manner in handling the questions.

Men Moore C I. G. Wilkinson p ouise Vaughan lb [arie Elder 2b [. Erdmann 3b [. Carter If Catherine Bully ss Juniors. ouise Whit lock C [. F. Hatchctt p aura M. Smith lb arolyn Watts 2b f. S. Anthony 8b uth Owen rf helma Maddox cf li/.aheth Payne If [ary Rose Wood ss Umpire Mr. McCorkle. reshmen and Sophomores Meet on Wednesday. The Sophomores met defeat when ley played the Freshmen on Wedjsday afternoon. Each team did its >st to down the other. The fresh-1 en led for the first four innings, l the fifth inning, the sophomores rt a 9-8 lead, but it was not for ng. The freshmen started bringing L more runs, and they held down ic sophomores. The final score was ! 1-9, The line-up: Sophomores. aura N. Smith c laudia Fleming p mily Simpson lb dith Coleman 2b Continued on last pag•

roved From now until June,

No. 29




For the great success of tlM scries of baseball games which ended Monday afternoon, we wish to extend our greatest appreciation to Allie Oliver, head of baseball for this season. AlIit- has proven herself not only capable of her position, but also a willing hand and



During the last few weeks it has not

The memben of the cast includi d and their wives, and friend ■ . The meeting was followed by sur P rirchon T. ' I K ■ rved out of doors. I' II Ropp ing lime, carrying balls and bats to .Madame Pi rrichon la attract Ive program rang h W. and from the gymnasium, and in be- Henrietta ed fur the hard.' iv and their fty tween times enthusiastically encour- Armand Desroches, E. i. Kendig, Jr. been an unusual thing to see her bending over the athletic field, pour-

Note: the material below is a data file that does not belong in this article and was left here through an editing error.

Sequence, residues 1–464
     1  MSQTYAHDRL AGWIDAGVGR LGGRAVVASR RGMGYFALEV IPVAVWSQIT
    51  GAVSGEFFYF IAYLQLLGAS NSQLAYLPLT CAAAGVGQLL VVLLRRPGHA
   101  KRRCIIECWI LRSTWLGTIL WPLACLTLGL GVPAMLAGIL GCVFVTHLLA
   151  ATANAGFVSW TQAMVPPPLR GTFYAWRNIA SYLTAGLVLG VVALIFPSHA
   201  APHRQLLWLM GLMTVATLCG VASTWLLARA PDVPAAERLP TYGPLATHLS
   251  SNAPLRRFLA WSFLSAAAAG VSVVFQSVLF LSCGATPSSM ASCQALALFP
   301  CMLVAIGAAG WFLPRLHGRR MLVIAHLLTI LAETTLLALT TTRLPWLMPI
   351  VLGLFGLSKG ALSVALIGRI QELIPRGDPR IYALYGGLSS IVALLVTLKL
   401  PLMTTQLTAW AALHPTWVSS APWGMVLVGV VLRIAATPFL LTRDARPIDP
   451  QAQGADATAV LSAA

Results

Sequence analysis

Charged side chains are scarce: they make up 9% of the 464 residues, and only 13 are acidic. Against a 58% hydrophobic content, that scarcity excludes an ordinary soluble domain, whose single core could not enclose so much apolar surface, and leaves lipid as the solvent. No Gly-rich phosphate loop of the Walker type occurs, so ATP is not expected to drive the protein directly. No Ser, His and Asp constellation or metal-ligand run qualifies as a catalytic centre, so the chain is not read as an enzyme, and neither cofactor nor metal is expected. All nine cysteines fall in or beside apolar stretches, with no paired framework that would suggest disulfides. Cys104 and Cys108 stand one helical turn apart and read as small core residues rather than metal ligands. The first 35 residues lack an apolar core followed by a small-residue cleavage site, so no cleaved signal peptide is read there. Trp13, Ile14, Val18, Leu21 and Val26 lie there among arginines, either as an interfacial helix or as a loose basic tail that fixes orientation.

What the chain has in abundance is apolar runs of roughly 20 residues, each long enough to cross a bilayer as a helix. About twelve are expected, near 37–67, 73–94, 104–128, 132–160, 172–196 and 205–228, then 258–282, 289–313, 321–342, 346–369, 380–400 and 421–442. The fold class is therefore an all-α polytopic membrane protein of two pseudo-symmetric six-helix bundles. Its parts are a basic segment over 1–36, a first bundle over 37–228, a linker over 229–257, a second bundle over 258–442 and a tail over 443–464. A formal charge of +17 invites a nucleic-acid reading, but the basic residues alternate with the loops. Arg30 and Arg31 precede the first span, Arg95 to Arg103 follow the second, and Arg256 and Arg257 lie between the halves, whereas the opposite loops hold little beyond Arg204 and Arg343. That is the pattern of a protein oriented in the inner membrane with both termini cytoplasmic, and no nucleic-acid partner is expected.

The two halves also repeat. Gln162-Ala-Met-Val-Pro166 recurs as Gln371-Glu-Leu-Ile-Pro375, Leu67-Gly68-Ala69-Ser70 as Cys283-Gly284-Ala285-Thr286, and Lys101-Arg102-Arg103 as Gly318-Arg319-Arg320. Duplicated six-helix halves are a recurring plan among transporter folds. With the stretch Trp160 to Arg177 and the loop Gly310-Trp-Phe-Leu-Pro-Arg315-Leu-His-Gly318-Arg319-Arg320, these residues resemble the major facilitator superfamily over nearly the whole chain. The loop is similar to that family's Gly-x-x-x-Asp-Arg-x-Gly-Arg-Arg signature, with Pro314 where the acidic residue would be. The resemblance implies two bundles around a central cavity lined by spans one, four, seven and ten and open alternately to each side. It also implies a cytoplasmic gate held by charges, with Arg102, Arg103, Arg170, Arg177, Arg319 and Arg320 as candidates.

aging others to participate in ath- Daniel Savory The .Major letics.

J. G. McAlli ter, Jr. S. I I

Mi i thetk dancing clasi gave w veal excellent numb impanied by an orchestra, Thi Chromatic I tub sang a few elect! Aftei the program the orche

L .P. Dillon s. T. c. i- fortunate in having a Marjorie NOTICE girl of AI lie's calibre as next year'- The [nnl • 'per > his part to make our campus played In the h d all wen- in The Porter N Turnt r McDowell, Jr. president of the Athletic A d to dance. jautiful. Don't miss the game between the pfa W. S. i ■ ' Ion this year a S. T. C. Faculty and the College Pick- elation, and we feel thai her John l L I aboil till beginning is only a sample of ful. About tWO hundred poo Subscribe to the Rotunda and get ups Friday afternoon after Field and I Flowei (.nl E. Atkiii , what she will accomplish. Track Meet! 1 the news of your college. lign and it asks that each stud' til


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Consult Your Doctor

Member National Intercollegiate Press Association Member Southern Inter-Collegiate Newspaper Association Member Intercollegiate I'ress Association of Virginia